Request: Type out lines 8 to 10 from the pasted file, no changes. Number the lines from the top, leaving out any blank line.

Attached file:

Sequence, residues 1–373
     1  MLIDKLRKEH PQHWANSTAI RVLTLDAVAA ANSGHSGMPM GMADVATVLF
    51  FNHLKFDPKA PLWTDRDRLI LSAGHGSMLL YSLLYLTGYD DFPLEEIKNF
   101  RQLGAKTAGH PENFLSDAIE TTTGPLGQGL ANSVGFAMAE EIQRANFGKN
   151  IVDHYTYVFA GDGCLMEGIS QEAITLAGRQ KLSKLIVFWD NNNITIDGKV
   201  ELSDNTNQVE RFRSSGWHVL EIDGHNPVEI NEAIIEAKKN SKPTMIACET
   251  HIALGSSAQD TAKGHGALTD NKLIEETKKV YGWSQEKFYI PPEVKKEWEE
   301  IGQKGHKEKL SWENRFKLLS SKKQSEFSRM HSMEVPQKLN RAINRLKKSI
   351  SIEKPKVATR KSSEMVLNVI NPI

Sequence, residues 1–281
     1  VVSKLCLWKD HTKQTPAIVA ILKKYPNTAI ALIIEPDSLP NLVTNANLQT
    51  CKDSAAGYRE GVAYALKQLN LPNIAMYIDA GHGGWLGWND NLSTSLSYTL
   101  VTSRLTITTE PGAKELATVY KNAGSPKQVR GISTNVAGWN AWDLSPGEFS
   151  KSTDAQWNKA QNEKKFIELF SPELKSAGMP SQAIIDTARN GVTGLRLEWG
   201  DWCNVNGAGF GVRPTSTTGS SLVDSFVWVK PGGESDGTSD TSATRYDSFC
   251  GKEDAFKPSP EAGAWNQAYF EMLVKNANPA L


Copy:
   301  IGQKGHKEKL SWENRFKLLS SKKQSEFSRM HSMEVPQKLN RAINRLKKSI
   351  SIEKPKVATR KSSEMVLNVI NPI

Sequence, residues 1–281